DIY Tips

Cool Pool Planting

15 September 2015

We’d all like to emulate the resort look in our pool area. A quick trip to the nursery, some romantic (or impulsive) purchases and the pool area looks fabulous – for a few weeks. Then the rot sets in. Suddenly the oasis looks more like a desert.

Cool pool planting

A backyard swimming pool is more than a place to get wet and cool off in hot weather. It’s an oasis, a retreat from the cares of the workaday world, a place that is your own private resort. Of course, think resort and images of plentiful greenery spring to mind. We’d all like to emulate this look at home, but a lot of the time the result tends not to live up to the dream. A quick trip to the nursery, some romantic (or impulsive) purchases and the pool area looks fabulous - for a few weeks. Then the rot sets in. Plants start to die and the pool filter is clogged with debris. Suddenly the oasis looks more like a desert.

Spring is a time of new beginnings, so why not turn over a new leaf, literally, in your pool area.

The first thing to consider is the type of pool water you have. Chlorine is a chemical that will kill some plants if they’re constantly being splashed. On the other hand, many plants cannot tolerate high levels of salt.

It’s also important to remember that pools tend to be built in the sun (for obvious reasons) but not all plants can tolerate those conditions.

If your pool is chlorinated, consider mondo grass, cordylines, golden cane palms and star jasmine as they can tolerate a fair amount of splashing without too many ill effects. That doesn’t mean they can be drenched in it day after day. Salt water pools need plants that can stand up to coastal conditions, such as Australian natives including westringia (coastal rosemary), coastal banksia, dianella and pig face. If natives aren’t your style, consider plants that have silver, furry or waxy leaves. Think bromeliads, agaves, aloe, yucca and cycads. Plants that are tolerant of either water type, as well as full sun, include cordylines, murrayas, agaves, acalyphas, erigeron daisy or star jasmine.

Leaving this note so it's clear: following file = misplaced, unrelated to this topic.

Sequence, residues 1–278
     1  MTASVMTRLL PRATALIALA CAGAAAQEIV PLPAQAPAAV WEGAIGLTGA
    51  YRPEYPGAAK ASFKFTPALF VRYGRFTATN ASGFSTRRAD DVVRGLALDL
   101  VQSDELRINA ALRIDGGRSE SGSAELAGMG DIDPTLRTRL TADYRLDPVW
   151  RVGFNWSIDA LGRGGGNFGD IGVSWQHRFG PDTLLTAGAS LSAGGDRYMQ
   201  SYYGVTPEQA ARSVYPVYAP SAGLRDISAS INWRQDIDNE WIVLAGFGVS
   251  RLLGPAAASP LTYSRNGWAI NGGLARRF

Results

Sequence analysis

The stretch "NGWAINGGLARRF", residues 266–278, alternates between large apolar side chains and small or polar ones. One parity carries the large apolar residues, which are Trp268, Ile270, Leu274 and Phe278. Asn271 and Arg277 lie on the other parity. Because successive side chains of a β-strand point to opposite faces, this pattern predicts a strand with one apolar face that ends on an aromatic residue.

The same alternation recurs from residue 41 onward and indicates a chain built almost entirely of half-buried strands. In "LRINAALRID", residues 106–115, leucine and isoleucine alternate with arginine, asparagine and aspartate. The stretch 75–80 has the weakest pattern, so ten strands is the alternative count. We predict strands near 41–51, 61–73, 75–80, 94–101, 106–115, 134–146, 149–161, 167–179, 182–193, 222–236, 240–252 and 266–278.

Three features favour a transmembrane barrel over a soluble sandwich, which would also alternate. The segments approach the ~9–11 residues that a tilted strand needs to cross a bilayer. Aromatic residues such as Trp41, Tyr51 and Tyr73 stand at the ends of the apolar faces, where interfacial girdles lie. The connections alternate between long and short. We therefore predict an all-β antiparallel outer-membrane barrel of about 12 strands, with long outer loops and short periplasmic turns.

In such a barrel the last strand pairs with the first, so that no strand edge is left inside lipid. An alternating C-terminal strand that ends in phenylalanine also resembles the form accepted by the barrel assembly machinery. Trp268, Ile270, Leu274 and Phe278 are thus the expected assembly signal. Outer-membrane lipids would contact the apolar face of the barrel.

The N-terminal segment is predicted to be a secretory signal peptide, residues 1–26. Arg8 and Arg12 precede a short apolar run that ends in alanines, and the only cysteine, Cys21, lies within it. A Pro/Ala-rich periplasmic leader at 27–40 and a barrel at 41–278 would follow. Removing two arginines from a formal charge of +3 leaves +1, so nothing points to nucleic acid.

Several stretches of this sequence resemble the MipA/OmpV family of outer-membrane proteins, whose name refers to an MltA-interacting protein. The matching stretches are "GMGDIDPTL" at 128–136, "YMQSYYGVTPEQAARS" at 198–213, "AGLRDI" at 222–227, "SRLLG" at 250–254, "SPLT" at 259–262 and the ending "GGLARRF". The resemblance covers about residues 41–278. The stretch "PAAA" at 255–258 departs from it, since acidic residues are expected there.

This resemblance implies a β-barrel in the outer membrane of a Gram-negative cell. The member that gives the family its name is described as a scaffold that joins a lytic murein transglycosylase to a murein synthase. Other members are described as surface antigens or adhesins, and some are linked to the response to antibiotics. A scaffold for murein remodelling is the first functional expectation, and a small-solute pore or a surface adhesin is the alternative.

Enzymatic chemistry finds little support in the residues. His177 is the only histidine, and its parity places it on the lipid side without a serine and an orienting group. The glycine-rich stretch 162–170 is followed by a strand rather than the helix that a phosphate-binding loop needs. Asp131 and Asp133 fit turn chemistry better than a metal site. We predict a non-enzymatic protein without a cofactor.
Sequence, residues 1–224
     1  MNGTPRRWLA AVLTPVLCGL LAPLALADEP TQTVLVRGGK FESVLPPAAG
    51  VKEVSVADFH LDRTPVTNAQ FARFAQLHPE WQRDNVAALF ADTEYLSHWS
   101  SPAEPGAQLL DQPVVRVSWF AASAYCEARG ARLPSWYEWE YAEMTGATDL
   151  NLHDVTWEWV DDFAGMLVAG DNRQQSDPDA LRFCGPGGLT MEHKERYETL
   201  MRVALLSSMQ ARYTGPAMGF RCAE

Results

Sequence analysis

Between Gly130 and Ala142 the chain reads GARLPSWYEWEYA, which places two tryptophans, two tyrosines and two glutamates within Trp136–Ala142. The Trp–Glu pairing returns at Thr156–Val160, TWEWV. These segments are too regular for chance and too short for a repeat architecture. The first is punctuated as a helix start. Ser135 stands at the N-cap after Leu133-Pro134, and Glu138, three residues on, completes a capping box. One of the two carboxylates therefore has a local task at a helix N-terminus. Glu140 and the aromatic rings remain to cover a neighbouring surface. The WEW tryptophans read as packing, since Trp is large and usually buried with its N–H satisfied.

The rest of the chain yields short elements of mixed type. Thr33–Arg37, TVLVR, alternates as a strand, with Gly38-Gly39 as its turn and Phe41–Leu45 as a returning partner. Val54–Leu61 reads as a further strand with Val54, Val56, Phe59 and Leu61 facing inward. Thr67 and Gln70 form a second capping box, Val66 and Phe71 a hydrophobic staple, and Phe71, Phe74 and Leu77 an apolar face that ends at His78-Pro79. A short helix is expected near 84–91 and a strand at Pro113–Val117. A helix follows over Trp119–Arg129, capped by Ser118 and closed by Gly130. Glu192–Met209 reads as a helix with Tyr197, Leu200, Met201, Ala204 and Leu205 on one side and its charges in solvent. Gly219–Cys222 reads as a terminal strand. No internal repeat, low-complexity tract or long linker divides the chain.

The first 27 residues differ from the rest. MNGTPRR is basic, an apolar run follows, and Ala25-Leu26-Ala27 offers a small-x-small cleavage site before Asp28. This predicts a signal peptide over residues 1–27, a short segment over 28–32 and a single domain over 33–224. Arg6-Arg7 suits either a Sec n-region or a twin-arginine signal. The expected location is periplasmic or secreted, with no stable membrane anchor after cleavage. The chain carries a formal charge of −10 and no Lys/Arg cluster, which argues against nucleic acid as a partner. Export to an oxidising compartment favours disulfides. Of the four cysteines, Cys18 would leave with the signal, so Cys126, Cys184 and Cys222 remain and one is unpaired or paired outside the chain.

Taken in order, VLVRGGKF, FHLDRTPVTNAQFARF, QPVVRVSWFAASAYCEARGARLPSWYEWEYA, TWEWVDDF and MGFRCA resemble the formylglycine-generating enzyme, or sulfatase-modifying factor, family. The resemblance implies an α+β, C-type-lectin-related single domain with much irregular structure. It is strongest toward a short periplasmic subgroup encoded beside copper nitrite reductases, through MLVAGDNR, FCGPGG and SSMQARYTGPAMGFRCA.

Hedges also look attractive around pools, but those with small leaves, such as buxus, can cause endless trouble with their small leaves, which not only float in the water but can clog the filter. Go for species with larger leaves. Another thing to beware of is plants or shrubs with invasive root systems as they can damage or block pipes as well as the pools structure. Steer clear of bamboo, umbrella and rubber trees as well as messy melaleucas and deciduous trees. Watch out for plants that are prone to pests and diseases as pesticides and pool water are a dangerous mix.

Another option is flowering annuals, which are a fabulous way to add some colour and keep things looking fresh season by season. They have the added advantage of not being too messy and being perfect for garden beds or pots. If pots are the way you’re going, consider thornless bougainvillea or mini citrus, including cumquats.

Of course for the ultimate resort look it’s hard to go past the fragrant frangipani. The down side to these coastal beauties is that they’re deciduous, but if you’re prepared to put in the work come autumn they’ll give you years of poolside pleasure.


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Star Jasmine

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